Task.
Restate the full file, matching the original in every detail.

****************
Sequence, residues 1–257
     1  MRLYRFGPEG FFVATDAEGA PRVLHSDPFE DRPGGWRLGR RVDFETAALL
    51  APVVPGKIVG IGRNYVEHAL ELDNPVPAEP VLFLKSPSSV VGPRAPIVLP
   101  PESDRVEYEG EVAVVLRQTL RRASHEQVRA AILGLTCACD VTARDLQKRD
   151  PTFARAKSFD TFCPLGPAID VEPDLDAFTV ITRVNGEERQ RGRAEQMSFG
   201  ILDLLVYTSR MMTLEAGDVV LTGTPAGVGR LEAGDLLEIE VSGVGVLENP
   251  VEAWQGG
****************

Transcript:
Sequence, residues 1–257
     1  MRLYRFGPEG FFVATDAEGA PRVLHSDPFE DRPGGWRLGR RVDFETAALL
    51  APVVPGKIVG IGRNYVEHAL ELDNPVPAEP VLFLKSPSSV VGPRAPIVLP
   101  PESDRVEYEG EVAVVLRQTL RRASHEQVRA AILGLTCACD VTARDLQKRD
   151  PTFARAKSFD TFCPLGPAID VEPDLDAFTV ITRVNGEERQ RGRAEQMSFG
   201  ILDLLVYTSR MMTLEAGDVV LTGTPAGVGR LEAGDLLEIE VSGVGVLENP
   251  VEAWQGG